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Why do grey squirrels outcompete red? They’ve got more guts!

todayFebruary 15, 2024 4

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Why do grey squirrels outcompete red? They’ve got more guts!

The reason grey squirrels outcompete the red version of the rodents may lie in their gut bacteria, scientists believe.

Grey squirrels are an invasive species that was introduced to the UK and Ireland in the late 19th century from North America.

They out-compete the native reds for food and space and carry a disease, called squirrel pox, which kills reds but has no known lasting effect on greys.

Grey squirrels also pose a threat to the sustainable management of woodlands because of the damage they cause to trees by bark stripping, a behaviour that was not fully understood by experts.

Now an analysis of the gut microbiome – the ecosystem of microbes that live in intestines – of both red and grey squirrels has revealed the latter to have more diverse gut bacteria.

The researchers used DNA sequencing methods to identify the different types of bacteria in the guts of both red and grey squirrels.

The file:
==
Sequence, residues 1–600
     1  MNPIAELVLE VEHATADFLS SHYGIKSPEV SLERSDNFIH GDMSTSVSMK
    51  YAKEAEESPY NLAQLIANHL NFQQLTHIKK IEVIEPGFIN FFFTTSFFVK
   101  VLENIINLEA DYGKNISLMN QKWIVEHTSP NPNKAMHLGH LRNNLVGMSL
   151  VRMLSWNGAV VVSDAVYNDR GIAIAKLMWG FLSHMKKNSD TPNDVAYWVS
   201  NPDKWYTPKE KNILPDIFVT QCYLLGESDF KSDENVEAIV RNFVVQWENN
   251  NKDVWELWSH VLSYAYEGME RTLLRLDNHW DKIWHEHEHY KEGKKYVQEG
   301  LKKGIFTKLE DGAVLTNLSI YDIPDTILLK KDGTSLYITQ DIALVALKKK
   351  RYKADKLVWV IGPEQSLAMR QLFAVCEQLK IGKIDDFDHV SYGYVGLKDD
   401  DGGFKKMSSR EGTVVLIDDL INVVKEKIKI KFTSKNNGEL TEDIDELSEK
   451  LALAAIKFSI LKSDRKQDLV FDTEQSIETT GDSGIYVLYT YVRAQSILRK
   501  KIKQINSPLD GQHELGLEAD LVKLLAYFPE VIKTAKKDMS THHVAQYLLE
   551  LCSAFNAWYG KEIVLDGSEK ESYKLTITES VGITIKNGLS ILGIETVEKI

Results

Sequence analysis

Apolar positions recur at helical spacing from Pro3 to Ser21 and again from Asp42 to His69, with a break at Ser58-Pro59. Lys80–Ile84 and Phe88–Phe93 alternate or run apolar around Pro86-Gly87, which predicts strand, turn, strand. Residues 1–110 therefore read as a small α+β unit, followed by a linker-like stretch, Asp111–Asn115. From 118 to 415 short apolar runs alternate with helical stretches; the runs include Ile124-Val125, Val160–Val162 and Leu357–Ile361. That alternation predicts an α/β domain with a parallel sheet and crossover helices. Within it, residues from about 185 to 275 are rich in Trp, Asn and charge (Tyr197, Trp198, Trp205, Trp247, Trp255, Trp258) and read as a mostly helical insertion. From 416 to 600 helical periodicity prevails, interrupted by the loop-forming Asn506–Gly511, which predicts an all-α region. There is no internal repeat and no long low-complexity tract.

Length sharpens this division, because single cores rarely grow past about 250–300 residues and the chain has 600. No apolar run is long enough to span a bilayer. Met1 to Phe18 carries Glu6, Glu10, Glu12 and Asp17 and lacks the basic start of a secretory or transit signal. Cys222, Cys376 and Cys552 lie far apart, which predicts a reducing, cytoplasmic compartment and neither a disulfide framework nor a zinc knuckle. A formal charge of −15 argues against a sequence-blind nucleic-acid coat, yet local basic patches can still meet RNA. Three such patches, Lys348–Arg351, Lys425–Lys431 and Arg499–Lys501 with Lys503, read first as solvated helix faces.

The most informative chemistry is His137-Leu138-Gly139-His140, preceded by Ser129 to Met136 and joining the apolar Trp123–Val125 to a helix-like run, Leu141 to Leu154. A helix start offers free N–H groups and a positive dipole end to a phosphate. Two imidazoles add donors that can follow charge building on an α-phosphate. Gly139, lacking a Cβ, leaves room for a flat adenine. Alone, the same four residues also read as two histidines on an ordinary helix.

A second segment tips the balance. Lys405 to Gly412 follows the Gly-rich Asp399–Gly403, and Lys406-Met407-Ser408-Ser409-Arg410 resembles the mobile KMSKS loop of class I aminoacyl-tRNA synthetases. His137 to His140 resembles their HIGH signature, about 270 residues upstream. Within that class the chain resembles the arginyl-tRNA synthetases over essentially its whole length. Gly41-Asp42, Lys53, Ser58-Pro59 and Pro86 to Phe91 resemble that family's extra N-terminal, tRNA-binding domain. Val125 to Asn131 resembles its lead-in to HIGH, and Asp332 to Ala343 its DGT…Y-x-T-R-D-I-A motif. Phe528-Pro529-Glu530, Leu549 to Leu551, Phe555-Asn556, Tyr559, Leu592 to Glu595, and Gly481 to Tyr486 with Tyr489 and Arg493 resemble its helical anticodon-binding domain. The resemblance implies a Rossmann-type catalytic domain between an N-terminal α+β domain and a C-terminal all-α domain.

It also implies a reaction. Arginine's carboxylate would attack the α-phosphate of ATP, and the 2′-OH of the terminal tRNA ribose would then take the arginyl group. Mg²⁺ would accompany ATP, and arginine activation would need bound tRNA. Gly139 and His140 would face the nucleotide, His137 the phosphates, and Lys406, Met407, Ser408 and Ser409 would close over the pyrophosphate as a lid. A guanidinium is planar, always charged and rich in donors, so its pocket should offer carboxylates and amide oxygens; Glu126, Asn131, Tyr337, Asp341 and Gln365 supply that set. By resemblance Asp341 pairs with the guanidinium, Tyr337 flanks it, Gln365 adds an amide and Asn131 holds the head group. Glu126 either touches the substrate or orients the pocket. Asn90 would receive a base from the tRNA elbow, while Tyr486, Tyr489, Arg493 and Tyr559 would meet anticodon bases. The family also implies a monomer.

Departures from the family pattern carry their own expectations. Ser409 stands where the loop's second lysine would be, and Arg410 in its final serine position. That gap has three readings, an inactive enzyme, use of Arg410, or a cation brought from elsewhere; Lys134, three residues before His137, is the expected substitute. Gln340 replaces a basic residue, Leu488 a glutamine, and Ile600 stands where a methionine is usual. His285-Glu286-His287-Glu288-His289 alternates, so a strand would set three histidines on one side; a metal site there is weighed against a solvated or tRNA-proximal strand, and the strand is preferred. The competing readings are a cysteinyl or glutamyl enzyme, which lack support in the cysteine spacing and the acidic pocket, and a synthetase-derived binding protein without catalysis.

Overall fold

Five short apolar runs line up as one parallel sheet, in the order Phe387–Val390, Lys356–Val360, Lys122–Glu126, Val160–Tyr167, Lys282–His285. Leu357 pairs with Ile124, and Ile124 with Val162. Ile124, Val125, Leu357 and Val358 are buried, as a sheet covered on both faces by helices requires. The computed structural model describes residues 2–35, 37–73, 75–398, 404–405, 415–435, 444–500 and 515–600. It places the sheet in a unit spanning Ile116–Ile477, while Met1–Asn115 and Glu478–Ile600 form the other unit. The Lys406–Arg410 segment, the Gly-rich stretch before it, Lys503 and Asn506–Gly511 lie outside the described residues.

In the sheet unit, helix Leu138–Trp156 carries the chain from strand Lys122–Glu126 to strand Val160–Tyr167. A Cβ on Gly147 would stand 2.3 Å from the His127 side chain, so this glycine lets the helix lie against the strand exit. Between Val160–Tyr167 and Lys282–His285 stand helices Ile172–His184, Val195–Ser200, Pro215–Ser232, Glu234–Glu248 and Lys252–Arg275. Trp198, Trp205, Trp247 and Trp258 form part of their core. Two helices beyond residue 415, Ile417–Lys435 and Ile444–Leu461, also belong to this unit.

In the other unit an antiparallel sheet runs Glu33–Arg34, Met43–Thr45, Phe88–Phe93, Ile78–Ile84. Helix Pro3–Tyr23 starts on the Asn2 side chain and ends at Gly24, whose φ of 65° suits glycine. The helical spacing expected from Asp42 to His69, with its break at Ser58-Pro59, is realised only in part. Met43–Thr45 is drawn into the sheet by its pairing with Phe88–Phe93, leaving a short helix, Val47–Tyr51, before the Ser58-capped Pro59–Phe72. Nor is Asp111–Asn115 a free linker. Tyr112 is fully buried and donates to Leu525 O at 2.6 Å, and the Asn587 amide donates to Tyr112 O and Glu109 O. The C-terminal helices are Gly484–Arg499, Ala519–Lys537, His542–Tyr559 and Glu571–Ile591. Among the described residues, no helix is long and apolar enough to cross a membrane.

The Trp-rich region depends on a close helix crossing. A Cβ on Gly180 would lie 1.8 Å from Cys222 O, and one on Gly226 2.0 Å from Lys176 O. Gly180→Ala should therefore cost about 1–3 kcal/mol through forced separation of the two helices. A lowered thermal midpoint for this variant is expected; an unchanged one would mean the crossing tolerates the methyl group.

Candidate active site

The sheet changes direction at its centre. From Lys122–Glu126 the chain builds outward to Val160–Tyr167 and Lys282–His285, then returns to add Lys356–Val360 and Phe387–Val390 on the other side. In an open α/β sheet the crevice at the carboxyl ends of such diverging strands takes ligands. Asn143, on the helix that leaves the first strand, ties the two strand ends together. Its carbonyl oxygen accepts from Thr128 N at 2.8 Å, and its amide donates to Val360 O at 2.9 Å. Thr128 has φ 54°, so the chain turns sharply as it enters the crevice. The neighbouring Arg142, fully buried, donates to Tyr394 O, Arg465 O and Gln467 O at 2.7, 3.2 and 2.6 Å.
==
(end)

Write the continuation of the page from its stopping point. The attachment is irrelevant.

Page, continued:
The team found a particular type of microbe in the digestive systems of grey squirrels that helps break down a plant compound known as oxalate.

According to the researchers, the presence of this bacteria suggests grey squirrels can digest calcium from tree bark, which could also explain their destructive bark stripping behaviour.

The team said its findings, published in the Journal of Medical Microbiology, show grey squirrels have not only better general health and immunity compared to red squirrels but they also have a broader diet and are able to access a wider range of resources.

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Lead author Roberto La Ragione, professor of veterinary microbiology and pathology at the University of Surrey, said: “Red squirrels are now an endangered species in the UK.

“Not only are grey squirrels larger and more robust than red squirrels, we have now identified a significant difference in their gut bacterial microbiota, potentially giving them another advantage over reds.”

Study co-author Chris Nichols, conservation evidence manager at the Woodland Trust, said: “The more we know about grey squirrels, the more equipped we’re going to be in the future to tackle the threats they pose to red squirrels and our native trees, which is one of the biggest problems for forest conservation in the UK.”

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